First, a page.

so, i've taught chemistry and physics for 15 years, and yet i still need help with this. the classic egg in a bottle demo i'm referring to is the one done with a lit object being placed in the bottle. i get that all those demos calling for heated water that is cooled or using liquid nitrogen to cool the bottle are examples of gay-lussac's law. however, i've seen (on NSTA's website among many many others) teachers stating that the burning a thing method is also an application of gay-lussac's law. this does not make sense to me.
first of all, dropping a burning object into the bottle then immediately capping the bottle with the egg means that the egg has just created a closed system. if gay-lussac's law applied according to the reasoning i've read online, then the heated air should actually increase in pressure and push the egg out, not suck the egg in. secondly, the burning thing (a match, a piece of paper) doesn't burn long enough to significantly change the temperature in the bottle, does it?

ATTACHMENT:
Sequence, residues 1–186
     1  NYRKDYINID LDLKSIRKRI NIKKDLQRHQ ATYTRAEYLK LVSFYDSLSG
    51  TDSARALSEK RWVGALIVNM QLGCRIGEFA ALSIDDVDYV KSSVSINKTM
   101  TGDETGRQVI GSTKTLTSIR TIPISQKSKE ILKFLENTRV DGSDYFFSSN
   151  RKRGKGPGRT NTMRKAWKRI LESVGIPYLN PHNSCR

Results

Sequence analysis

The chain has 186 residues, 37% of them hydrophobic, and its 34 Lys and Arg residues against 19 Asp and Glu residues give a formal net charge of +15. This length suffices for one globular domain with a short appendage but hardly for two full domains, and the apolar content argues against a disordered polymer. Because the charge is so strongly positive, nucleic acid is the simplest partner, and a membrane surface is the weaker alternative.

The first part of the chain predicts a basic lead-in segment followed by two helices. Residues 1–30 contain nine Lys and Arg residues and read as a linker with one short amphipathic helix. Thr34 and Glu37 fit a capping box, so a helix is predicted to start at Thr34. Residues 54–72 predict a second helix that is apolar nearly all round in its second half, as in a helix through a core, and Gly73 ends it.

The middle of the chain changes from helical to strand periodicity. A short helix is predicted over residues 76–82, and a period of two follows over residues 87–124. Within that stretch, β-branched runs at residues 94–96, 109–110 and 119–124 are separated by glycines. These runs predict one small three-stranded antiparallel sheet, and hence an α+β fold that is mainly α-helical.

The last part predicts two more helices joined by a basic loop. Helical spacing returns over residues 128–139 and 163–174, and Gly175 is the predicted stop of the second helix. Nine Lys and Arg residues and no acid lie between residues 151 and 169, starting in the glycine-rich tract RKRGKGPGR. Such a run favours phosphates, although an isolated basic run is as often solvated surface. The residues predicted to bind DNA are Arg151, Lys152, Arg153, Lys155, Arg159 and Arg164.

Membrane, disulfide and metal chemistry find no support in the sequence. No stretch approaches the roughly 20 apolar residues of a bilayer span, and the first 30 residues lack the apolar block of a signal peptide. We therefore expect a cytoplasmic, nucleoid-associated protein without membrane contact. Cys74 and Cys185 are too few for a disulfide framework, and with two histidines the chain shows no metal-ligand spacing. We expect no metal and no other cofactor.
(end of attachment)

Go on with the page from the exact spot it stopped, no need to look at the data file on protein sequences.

thirdly, since the egg closes the system, the only thing that could cause the egg to be sucked into the bottle under these circumstances would be the loss of the pressure that was due to the oxygen being consumed, right? so, then, i have another question: what about the co2 that is produced as a result of the combustion reaction? if burning wood based products is sort of similar to the combustion of glucose, the mole ratio of o2 to co2 should be one to one. since co2 is so much denser than air, is it that it sinks to the bottom of the container and is unavailable for collisions at the top of the container? it seems like a read an article on this many years ago, but i cannot find it now. thoughts?